Vakharia filed her first complaint in this case on November 16, 1990. In that complaint she named 16 defendants: the Hospital, Dr. Loeber, and 14 individual members of the Hospital's medical staff Executive Committee. In her first amended complaint, filed on July 15, 1992, Vakharia named 24 additional defendants, all doctors who had worked with her or had evaluated her performance. Finally, in her second amended complaint, filed on September 18, 1992, she added another defendant, the American Society of Anesthesiologists, several officers of which had been named in the first amended complaint. Unfortunately for Vakharia, several of the causes of action she alleges were time-barred against most of the additional defendants by the time she named them.

 In Title VII and ADEA cases the plaintiff must file suit in federal court no later than 90 days after the Equal Employment Opportunity Commission (EEOC) has given notice of the plaintiff's right to sue. 42 U.S.C. § 2000e-5(f)(1) (Title VII); 29 U.S.C. § 626(e) (ADEA). See St. Louis v. Alverno College, 744 F.2d 1314 (7th Cir. 1984). That requirement is not satisfied by any of the claims against the defendants that Vakharia named for the first time in the amended complaints. The question then is whether the amendments "relate back" to the initial complaint, which everyone agrees was filed in timely fashion.

 Under Fed.R.Civ.P. 15(c) an amendment adding a party to a complaint relates back to the date of the original complaint only if the party to be brought in by amendment has received notice of the action, will not be prejudiced by the amendment, and "knew or should have known that, but for a mistake concerning the identity of the proper party, the action would have been brought against the party." Vakharia has not alleged any mistakes concerning the identity of any defendants. To be sure, many of the added defendants may have been aware of Vakharia's lawsuit when it was filed, and many may have recognized themselves as participants in some of the events that her first complaint described, but that does not mean that the 1992 claims against them relate back to the first complaint. See Wood v. Worachek, 618 F.2d 1225 (7th Cir. 1980). When Vakharia filed her suit the defendants whom she would later name had no reason to believe that she intended to sue them. Vakharia knew who they were and where to find them. Accordingly, the Title VII claims against the defendants named for the first time in the 1992 amended complaints do not relate back to the first complaint. See Norton v. International Harvester Co., 627 F.2d 18, 20-22 (7th Cir. 1980); Havoco of America, Ltd. v. Hilco, Inc., 750 F. Supp. 946, 953 (N.D.Ill. 1990), aff'd, 971 F.2d 1332 (7th Cir. 1992). Those claims are dismissed.

 Unlike Title VII and the ADEA, § 1981 and § 1985 do not specify limitations periods. See 42 U.S.C. § 1981, 42 U.S.C. § 1985. As a result, federal courts interpreting them have looked to state law to apply the statute of limitations applicable to comparable state law claims. Goodman v. Lukens Steel Co., 482 U.S. 656 (1987). In Illinois, the statute of limitations applicable both to § 1981 and § 1985 cases is two years. Smith v. City of Chicago Heights, 951 F.2d 834, 836-7 n.1 (7th Cir. 1992); Kness v. Grimm, 761 F. Supp. 513, 519 (N.D.Ill. 1990). As noted, when Vakharia first filed her lawsuit the defendants whom she would later add had no reason to believe that they were, or would be, part of the suit. Therefore, no § 1981 or § 1985 claim can survive against a defendant named for the first time in the first or second amended complaint unless the complaint points to an act committed by that defendant occurring after July 15, 1990 (exactly two years prior to the filing of the amended complaint). Except for certain decisions made by the Hospital's Board of Directors in September 1990, all of the acts at issue in this case occurred prior to July 15, 1990. Thus, the § 1981 and § 1985 claims against the members of the Board of Directors are not time-barred, but all other § 1981 and § 1985 claims against defendants not named in the first complaint are time-barred and are dismissed.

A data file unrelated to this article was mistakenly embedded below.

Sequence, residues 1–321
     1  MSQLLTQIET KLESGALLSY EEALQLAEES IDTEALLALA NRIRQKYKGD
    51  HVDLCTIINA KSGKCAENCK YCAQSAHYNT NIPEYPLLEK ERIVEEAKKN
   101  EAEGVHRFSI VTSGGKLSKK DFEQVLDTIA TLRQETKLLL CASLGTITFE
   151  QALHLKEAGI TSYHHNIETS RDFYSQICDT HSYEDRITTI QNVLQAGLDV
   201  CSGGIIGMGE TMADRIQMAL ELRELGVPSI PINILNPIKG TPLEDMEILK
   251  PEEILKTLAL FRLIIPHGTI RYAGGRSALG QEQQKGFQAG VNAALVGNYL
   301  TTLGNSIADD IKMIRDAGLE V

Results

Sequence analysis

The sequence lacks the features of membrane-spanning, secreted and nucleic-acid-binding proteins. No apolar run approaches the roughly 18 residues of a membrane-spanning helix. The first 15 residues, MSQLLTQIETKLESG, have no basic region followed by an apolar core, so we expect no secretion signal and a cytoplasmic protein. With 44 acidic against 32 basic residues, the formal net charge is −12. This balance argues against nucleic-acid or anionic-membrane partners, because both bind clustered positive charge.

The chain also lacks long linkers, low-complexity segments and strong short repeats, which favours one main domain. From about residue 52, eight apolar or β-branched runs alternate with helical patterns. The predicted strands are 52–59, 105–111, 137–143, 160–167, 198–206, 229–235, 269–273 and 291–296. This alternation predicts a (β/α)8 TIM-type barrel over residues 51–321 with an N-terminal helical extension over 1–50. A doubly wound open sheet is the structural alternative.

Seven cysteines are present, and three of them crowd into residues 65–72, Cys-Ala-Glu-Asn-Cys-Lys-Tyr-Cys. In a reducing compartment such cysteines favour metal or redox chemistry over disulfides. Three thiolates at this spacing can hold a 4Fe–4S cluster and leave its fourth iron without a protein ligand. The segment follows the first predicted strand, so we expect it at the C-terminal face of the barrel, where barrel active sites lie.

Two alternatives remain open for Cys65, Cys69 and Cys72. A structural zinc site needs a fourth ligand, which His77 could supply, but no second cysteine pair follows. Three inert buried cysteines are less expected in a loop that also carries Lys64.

In her amended complaint, Vakharia has also listed "unnamed" members of the Board of Directors as defendants. They have never been named and never been served. It is too late to do so now. Thus, those "unnamed" defendants are dismissed.

 Title VII Claims Against Remaining Defendants

 In this court's memorandum and order of May 22, 1991, we denied the Hospital's motion to dismiss Vakharia's Title VII claim against it. The defendants other than the Hospital, observing that Vakharia failed to name any of them as defendants in her EEOC ...